Ford v. Sessoms et al, No. 1:2014cv00320 - Document 144 (N.D. Ind. 2017)

Court Description: OPINION AND ORDER: DENYING 109 MOTION for Summary Judgment by Plaintiff Toney Ford, Sr and GRANTING 111 MOTION for Summary Judgment by Defendant Derek Sessoms. The Clerk shall enter judgment in favor of all defendants and against plaintiff, and this case is thereby CLOSED. Signed by Judge Philip P Simon on 5/30/2017. (Copy mailed to pro se party)(lhc)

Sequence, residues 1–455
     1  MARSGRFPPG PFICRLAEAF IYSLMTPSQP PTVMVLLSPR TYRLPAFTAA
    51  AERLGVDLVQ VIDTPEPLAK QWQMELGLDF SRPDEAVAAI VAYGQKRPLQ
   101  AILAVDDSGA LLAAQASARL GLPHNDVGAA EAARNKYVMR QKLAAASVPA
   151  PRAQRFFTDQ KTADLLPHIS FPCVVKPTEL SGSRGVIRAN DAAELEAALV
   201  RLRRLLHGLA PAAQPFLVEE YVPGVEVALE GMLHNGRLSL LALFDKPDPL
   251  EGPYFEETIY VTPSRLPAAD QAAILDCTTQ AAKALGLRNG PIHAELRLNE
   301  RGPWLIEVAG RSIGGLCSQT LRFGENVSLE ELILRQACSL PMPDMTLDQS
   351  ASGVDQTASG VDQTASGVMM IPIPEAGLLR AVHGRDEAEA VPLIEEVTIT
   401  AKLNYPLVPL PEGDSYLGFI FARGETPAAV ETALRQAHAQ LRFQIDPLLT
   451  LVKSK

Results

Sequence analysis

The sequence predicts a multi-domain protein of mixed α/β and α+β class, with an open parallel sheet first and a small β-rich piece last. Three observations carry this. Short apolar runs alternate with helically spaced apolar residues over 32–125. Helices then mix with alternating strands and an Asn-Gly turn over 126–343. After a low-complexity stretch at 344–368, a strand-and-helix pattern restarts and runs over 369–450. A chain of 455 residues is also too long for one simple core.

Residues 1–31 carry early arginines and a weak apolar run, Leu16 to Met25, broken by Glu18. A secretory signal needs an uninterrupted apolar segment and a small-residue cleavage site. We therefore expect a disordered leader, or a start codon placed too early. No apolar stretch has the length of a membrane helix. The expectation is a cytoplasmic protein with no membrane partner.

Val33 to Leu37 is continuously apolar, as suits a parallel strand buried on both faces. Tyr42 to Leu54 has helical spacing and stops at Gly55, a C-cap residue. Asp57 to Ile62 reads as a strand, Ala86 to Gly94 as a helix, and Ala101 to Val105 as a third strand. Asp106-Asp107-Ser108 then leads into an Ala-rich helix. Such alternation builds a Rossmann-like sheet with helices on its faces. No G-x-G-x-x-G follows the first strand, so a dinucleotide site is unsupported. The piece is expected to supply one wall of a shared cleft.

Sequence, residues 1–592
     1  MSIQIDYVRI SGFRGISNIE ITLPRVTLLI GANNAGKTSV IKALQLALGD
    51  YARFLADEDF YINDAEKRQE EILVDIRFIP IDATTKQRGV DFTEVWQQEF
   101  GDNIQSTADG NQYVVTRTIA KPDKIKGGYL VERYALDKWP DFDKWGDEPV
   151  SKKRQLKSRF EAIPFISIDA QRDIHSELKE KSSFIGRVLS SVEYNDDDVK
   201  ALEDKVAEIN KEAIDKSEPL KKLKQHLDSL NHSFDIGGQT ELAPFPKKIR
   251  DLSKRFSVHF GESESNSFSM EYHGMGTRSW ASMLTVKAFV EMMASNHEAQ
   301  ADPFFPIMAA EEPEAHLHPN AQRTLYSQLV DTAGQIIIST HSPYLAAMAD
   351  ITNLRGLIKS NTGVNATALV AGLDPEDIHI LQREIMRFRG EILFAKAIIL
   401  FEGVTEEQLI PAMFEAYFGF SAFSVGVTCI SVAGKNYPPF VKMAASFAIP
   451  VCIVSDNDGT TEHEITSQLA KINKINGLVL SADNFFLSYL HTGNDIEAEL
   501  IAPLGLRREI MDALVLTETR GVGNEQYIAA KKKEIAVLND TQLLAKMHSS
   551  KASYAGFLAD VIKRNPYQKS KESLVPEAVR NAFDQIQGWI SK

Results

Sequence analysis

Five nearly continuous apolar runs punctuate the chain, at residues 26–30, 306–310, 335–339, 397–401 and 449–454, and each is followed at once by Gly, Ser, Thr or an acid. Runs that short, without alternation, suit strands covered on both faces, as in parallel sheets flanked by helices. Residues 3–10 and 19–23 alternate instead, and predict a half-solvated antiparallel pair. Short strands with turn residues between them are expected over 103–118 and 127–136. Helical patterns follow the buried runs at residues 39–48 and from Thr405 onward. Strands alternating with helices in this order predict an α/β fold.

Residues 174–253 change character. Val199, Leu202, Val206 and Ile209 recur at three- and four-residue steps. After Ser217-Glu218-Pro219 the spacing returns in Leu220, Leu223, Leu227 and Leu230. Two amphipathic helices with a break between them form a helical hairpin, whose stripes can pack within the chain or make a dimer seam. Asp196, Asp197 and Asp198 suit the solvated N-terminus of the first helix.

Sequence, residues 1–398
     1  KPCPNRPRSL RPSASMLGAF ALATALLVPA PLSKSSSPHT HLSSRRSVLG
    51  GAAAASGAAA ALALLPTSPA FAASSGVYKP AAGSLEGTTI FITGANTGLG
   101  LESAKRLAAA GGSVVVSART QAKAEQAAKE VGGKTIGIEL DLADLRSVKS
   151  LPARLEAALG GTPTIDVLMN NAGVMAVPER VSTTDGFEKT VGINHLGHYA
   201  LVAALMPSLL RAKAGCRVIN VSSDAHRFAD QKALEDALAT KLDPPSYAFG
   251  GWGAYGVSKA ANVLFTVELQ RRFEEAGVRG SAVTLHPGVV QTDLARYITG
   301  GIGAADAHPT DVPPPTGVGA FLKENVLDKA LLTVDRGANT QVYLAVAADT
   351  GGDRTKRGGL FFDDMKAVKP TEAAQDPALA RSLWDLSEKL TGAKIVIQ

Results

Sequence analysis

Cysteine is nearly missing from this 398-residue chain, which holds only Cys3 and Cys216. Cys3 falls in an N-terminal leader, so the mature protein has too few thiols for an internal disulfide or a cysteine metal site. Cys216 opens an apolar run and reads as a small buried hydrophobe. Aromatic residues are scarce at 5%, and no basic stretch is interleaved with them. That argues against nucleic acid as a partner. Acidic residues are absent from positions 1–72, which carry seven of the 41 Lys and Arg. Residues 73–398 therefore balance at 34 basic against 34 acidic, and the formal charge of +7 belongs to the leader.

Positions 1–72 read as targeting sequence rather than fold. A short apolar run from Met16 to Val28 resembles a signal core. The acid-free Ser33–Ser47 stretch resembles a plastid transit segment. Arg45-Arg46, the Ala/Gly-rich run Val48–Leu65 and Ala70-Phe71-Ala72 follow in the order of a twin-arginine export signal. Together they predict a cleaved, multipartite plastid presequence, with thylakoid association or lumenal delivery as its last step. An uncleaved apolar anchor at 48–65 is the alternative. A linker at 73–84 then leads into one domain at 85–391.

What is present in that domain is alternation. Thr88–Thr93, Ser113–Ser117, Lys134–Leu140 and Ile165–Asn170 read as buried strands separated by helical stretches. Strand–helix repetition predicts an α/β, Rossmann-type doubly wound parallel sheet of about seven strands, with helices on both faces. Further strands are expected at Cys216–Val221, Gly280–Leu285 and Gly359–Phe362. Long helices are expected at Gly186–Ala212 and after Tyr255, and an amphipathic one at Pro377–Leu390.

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Ford v. Sessoms et al Doc. 144 UNITED STATES DISTRICT COURT NORTHERN DISTRICT OF INDIANA FORT WAYNE DIVISION DR. TONEY FORD, SR., Plaintiff, vs. DEREK SESSOMS, et al., Defendants. ) ) ) ) ) ) ) ) ) CAUSE NO. 1:14CV320-PPS OPINION AND ORDER On September 23, 2013, Dr. Toney Ford, Sr. had an unhappy encounter with Marion, Indiana police officer Derek Sessoms. On October 14, 2014, Ford filed a broad lawsuit about the encounter, naming defendants including Marion’s mayor, members of the Marion City Council, and the local newspaper editor, and alleging that his arrest was the result of racial profiling without cause. By now, only the claim against Officer Sessoms remains. Ford alleges that his arrest was racially motivated and in violation of his Equal Protection rights. The case has finally progressed to the summary judgment stage, at which the parties must put their evidentiary cards on the table to see if a trial is required. Both Ford and Sessoms have filed motions for summary judgment. Ford’s motion fails because he lacks evidence to support his claim that Sessoms’ conduct was racially motivated. Sessoms’ motion, by contrast, succeeds because he supports his story with evidence and Ford has no evidence to contradict it. Equal Protection Claim Ford’s remaining Equal Protection claims concern Sessoms’ alleged harassment of Ford, by the manner in which Sessoms followed the car Ford drove, and by Sessoms’ arrest of Ford. “Racial profiling, or selective enforcement of the law, is a violation of the Equal Protection Clause.” Sow v. Fortville Police Dep’t., 636 F.3d 293, 303 (7th Cir. 2011), citing Chavez v. Illinois State Police, 251 F.3d 612, 635 (7th Cir. 2001). “To show a violation of the Equal Protection Clause, plaintiffs must prove that the defendants’ actions had a discriminatory effect and were motivated by a discriminatory purpose.” Chavez, 251 F.3d at 635-36. The discriminatory effect prong requires Ford to demonstrate that he is a member of a protected class, that he is otherwise similarly situated to members of the unprotected class, and that he was treated differently from members of the unprotected class. Id. at 636. To show discriminatory purpose “‘implies more than...intent as an awareness of consequences. It implies that the decisionmaker...selected or reaffirmed a particular course of action at least in part “because of”...its adverse effects upon an identifiable group.’” McCleskey v. Kemp, 481 U.S. 279, 298 (1987) (quoting Pers. Adm’r of Mass. v. Feeney, 442 U.S. 256, 279 (1979). To survive summary judgment, Ford is “required to provide evidence that [Sessoms] was ‘motivated by a discriminatory purpose.’” Sow, 636 F.3d at 303, quoting Chavez, 251 F.3d at 635-36. 2 Material Facts In the summary judgment context, Rule 56(c)(1)(A) requires a party who is “asserting that a fact cannot be or is genuinely disputed” to “support the assertion by citing to particular parts of materials in the record...or showing that the materials cited do not establish the absence or presence of a genuine dispute, or that an adverse party cannot produce admissible evidence to support the fact.” In considering the parties’ compliance with these requirements, I “need consider only the cited materials,” and am not required to comb the record for evidence not specifically cited by the parties. Rule 56(c)(3). Ford’s summary judgment briefing fails to set forth material facts supported by citations to evidence of record, and freely mixes factual assertions with argument and speculation. He makes ridiculous claims of the existence of “compelling and overwhelming” evidence of a pattern of race-based harassment, when he has adduced no such evidence, much less evidence that warrants his dramatic adjectives. [DE 109 at 7.] The only evidence Ford has submitted in connection with the cross-motions for summary judgment are exhibits to “Plaintiff’s Addendum on Damages Pursuant to F.R.C.P. 9(g)” [DE 110], filed with his motion for summary judgment. As the title suggests, this document presents Ford’s statement and calculation of his damages, supported by exhibits relating to job opportunities and his work as a speaker and professor. Ford also cites allegations in his verified complaint. “[A] verified complaint is not just a pleading; it is also the equivalent of an affidavit for purposes of summary 3 judgment, because it ‘contains factual allegations that if included in an affidavit or deposition would be considered evidence, and not merely assertion.’” Beal v. Beller, 847 F.3d 897, 901 (7th Cir. 2017), quoting Ford v. Wilson, 90 F.3d 245, 246 (7th Cir. 1996). The complaint alleges that after leaving work on September 23, Ford noticed a “strange white car” following him. [DE 1 at 5.] Attempting to evade the car because it “closely trail[ed] Dr. Ford’s vehicle,” Ford chose to drive between the curb and a car stopped at an intersection, ultimately hitting a stop sign. [Id. at 6.] Ford “exited the vehicle and left on foot.” [Id.] These basic facts about what occurred are not disputed by Sessoms. Among the facts the complaint omits but are now undisputed is that Ford sideswiped the car that was stopped at the intersection and struck both a fire hydrant and a stop sign. This led to Ford’s conviction via his plea of guilty to 2 misdemeanors arising out of the incident – charges of resisting law enforcement and failure to stop at the scene of an accident resulting in damage to an attended vehicle. In support of his version of the story, Officer Sessoms offers deposition testimony from himself and Ford and the driver of the sideswiped car, as well as police reports. Here are the relevant facts asserted by defendant Sessoms and supported by his evidence. On the afternoon of September 23, Sessoms was on patrol in his squad car when he saw an individual named Anthony Clark in an alleyway. Clark was a person known to Sessoms, and Sessoms believed that a warrant for Clark’s arrest was outstanding. Sessoms radioed dispatch to confirm the existence of the warrant, and saw Clark turn and run through the alley. Sessoms circled the block and saw a black 4 Mercury Sable which he associated with Anthony Clark’s gang. When Sessoms was within sight of the Sable, its driver pulled into a parking lot and stopped. Sessoms believed this behavior was likely intended to avoid a traffic stop. Sessoms again circled the block to approach the vehicle but by the time he returned, the Sable had exited the parking lot. Sessoms followed the Sable as it accelerated to speeds above the posted limit, and Sessoms activated his emergency lights. As the Sable approached the intersection at 5th and Western, it attempted to drive between the curb and a car stopped at the intersection. The Sable sideswiped the other car (driven by deponent Carolyn Ann Hiatt), and struck a stop sign and fire hydrant. Plaintiff Ford, who had been driving the Sable, exited the car and fled on foot. Sessoms pursued Ford on foot, caught up to him in a nearby parking lot, and placed him under arrest. Ford attempts to create genuine disputes about several facts asserted (and supported) by Sessoms’ evidence. Ford argues that there is no evidence to “verify” that Sessoms contacted dispatch about a warrant for Anthony Clark. [DE 115 at 4.] But there is such evidence—Sessoms testified to the fact in his deposition [DE 113-1 at 7 (internal p. 13, RR. 5-10)], and it is reflected in Sessoms’ narrative in the police report, which also reflects his initial radio report that he might have spotted Clark [DE 113-2 at 1-2]. Ford’s notion of the necessity of corroboration is misplaced. Rule 56(c)(1)(A) offers three options for demonstrating that the fact to which Sessoms testifies is genuinely disputed. The first is to cite to particular evidentiary material, but Ford offers no 5 evidence to contradict Sessoms on this point. The other options are to show that Ford’s cited evidence doesn’t establish the absence of a genuine dispute or that it is inadmissible evidence, neither of which Ford is able to do. In any event, whether or not Sessoms confirmed the existence of a warrant for Clark is not material to the summary judgment analysis. Ford contends that Sessoms was not driving a marked police car. For this proposition Ford cites a portion of his deposition that has not been filed with the court. Sessoms’ own testimony that he was driving a marked police car is supported by the testimony of Ms. Hiatt. [DE 113-1 at 24 (internal p.81, RR. 5-13); DE 113-4 at 7 (internal p.16, , RR. 1-12).] Ultimately, disputed or not, whether Sessoms was in a marked police car is not material to Ford’s claim that Sessoms was motivated by Ford’s race to tail him and arrest him after he left the scene of the accident with Ms. Hiatt’s car, the stop sign and the fire hydrant. Ford raises a question about the registration of the car he was driving, as though to cast doubt on Sessoms’ claim that he believed it belonged to someone associated with Anthony Clark. The police reports reflect two different license numbers for the black Sable, and two different owners, one of whom is the woman Sessoms believes is associated with Anthony Clark. No matter what the confused state of the actual ownership of the car, that muddle does not impact Sessoms’ claim that he believed the car was associated with Anthony Clark, whom he wished to pursue at that time based on the outstanding warrant. Ford also takes issue with the reasonableness of Sessoms’ 6 behavior in following the black car, specifically the route he drove to maintain proximity to the car. This argument similarly does not bear upon Sessoms’ motive in following the car, and does not create a triable dispute of fact that Sessoms was motivated by the driver’s race. Next Ford questions whether Sessoms activated his siren or lights prior to the accident, suggesting that without these signals, Ford had no reason to respond to Sessoms as a police officer. But Ford pled guilty to resisting law enforcement. In any event, the issue is neither here nor there—Ford does not demonstrate that whether or not Sessoms attempted to pull Ford over prior to the accident has any relevance to the elements of the remaining Equal Protection claim. Discussion Under Fed.R.Civ.P. 56(a), summary judgment is proper “if the movant shows that there is no genuine dispute as to any material fact and the movant is entitled to judgment as a matter of law.” The claim remaining in this case after the screening review under 28 U.S.C. §1915(e)(2)(B) is an Equal Protection claim that Officer Sessoms “acted to harass, arrest and detain Ford and did so based on his race or nationality.” [DE 3 at 4.] Ford’s own motion for summary judgment and his opposition to Sessoms’ motion fail for Ford’s lack of evidence that could enable a reasonable jury to find essential elements of his Equal Protection claim, namely that he suffered a discriminatory effect by being treated differently from similarly situated non-blacks, and that Sessoms acted with discriminatory purpose in following and arresting Ford. 7 Ford offers no evidence to support either race-based element of his Equal Protection claim – no statistics, for example, and no evidence of racial bias on the part of Sessoms. The arrest was clearly supported by probable cause after Sessoms witnessed Ford cause an accident and leave the scene. Even assuming it is possible for such an arrest to be nonetheless racially motivated, Ford has produced no evidence to support such a finding. As to the harassment, assuming without deciding that the manner in which Sessoms tailed Ford’s car could constitute a police officer’s actionable harassment of a driver, again Ford has adduced no evidence that could sustain a jury’s verdict that the action was motivated by a discriminatory purpose or that Sessoms was treating Ford differently than similarly situated non-blacks. Instead, Ford’s entire strategy appears to be to attempt to cast doubt on Sessoms’ explanation for his conduct, namely that he had spotted Anthony Clark and was pursuing him based on the outstanding warrant. “[W]hen challenges to witness’ credibility are all that a plaintiff relies on, and he has shown no independent facts – no proof – to support his claims, summary judgment in favor of the defendant is proper.” Springer v. Durflinger, 518 F.3d 479, 484 (7th Cir. 2008). See also Morgan v. SVT, LLC, 724 F.3d 990, 999 (7th Cir. 2013); Rayford v. Wexford Health Sources, 400 Fed. Appx. 100, 103-04 (7th Cir. 2010). Ford offers no proof of racial bias, but instead merely speculates that Sessoms has fabricated his claims about Anthony Clark and the familiar car as a post hoc justification for his racial harassment of Ford. 8 With no personal knowledge of Sessoms’ motives, and no documents, statements, or other proofs of discriminatory intent, Ford is unable to create a genuine dispute of material fact. Asked repeatedly in his deposition what evidence he had that Sessoms based his conduct on race, Ford identified none, claiming that his investigation was not complete or indicating that he “reserved judgment” and refused to “paint [himself] in a corner.” [DE 113-5 at 3.] Even now, after discovery is indisputably complete, Ford has no evidence to support his claim of race discrimination, and a “hunch about the defendant’s itself will not survive a motion for summary judgment.” Springer, 518 F.3d at 484. The paucity of Ford’s evidentiary support dooms his claims against Sessoms in both his individual and official capacities for the simple reason that Ford is unable to demonstrate that his Equal Protection rights were violated, so that a determination of who is responsible and on what basis need not (indeed cannot) be made. In opposition to Sessoms’ motion, Ford suggests that he is “advancing a ‘class of one’ equal protection claim” and so “is not required to prove” that the defendant intentionally treated him differently because of the protected class to which he belongs. [DE 115 at 13.] In response, Sessoms points out that Ford’s Equal Protection claim has never been based on a class of one. [DE 127 at 5.] Instead, Count II of Ford’s complaint is expressly based on race as a class: “Plaintiff is a member of a suspect class and was unlawfully discriminated against because of his race and nationality.” [DE 1 at 9, ¶48.] Ford never pled a “class of one” claim, and cannot “‘amend his complaint through 9 arguments in his brief in opposition to a motion for summary judgment.’” Anderson v. Donahoe, 699 F.3d 989, 997 (7th Cir. 2012), quoting Grayson v. O’Neill, 308 F.3d 808, 817 (7th Cir. 2002).1 But let’s assume for the moment that Ford’s last minute change of course to a “class of one” theory is not a new factual claim but is instead better characterized as a new legal theory. It is true, after all, that it is “factual allegations, not legal theories, that must be pled in a complaint.” Whitaker v. Milwaukee County, 772 F.3d 802, 808 (7th Cir. 2014). But it still gets Ford nowhere because to prove a class of one Equal Protection claim, a plaintiff must show that he was “intentionally treated differently from others similarly situated and there is no rational basis for the difference in treatment.” Engquist v. Oregon Dept. of Agriculture, 553 U.S. 591, 601 (2008). The crux of a class of one Equal Protection claim is to prevent government from singling out individuals for arbitrary and irrational purposes. Geinosky v. City of Chicago, 675 F.3d 743, 746 (7th Cir. 2014). There is simply no evidence in the record to suggest that Ford was somehow arbitrarily and irrationally singled out for arrest. Nor is there evidence that others similarly situated—in other words, those who get in accidents and then try to flee the 1 A similar late-blooming claim is that Sessoms wrongfully attempted to stop Ford prior to the accident and that this constituted an unlawful seizure of Ford. [DE 115 at 17-19.] Ford belatedly raises this Fourth Amendment claim despite the fact that elsewhere in his briefs he repeatedly contends that Sessoms did not activate his lights or siren prior to the accident, and at one point expressly states that “prior to the occurrence of the accident...Defendant had also not attempted to stop [Plaintiff] Ford[.]” [DE 109 at 29; see also DE 109 at 29; DE 115 at 7.] The claim is a non-starter because Ford’s own contentions defeat it. 10 scene—are somehow treated differently by the Marion Police Department than Ford was. Conclusion Summary judgment has been described as the “‘put up or shut up’ moment in a lawsuit.” Siegel v. Shell Oil Co., 612 F.3d 932, 937 (7th Cir. 2010). To preserve his remaining claims for trial, Ford “must do more than simply show that there is some metaphysical doubt as to the material facts.” Siegel, 612 F.3d at 937, citing Matsushita Elec. Indus. Co. v. Zenith Radio Corp., 475 U.S. 574, 586-87 (1986). Ford has failed to offer evidence on which a reasonable jury could rely to determine that Sessoms acted with discriminatory effect and discriminatory purpose, both of which are required for Ford to succeed on his Equal Protection claims. ACCORDINGLY: Plaintiff Toney Ford’s motion for summary judgment [DE 109] is DENIED. Defendant Derek Sessoms’ motion for summary judgment [DE 111] is GRANTED. The Clerk shall enter judgment in favor of all defendants and against plaintiff, and this case is thereby CLOSED. SO ORDERED. ENTERED: May 30, 2017. /s/ Philip P. Simon Philip P. Simon, Judge 11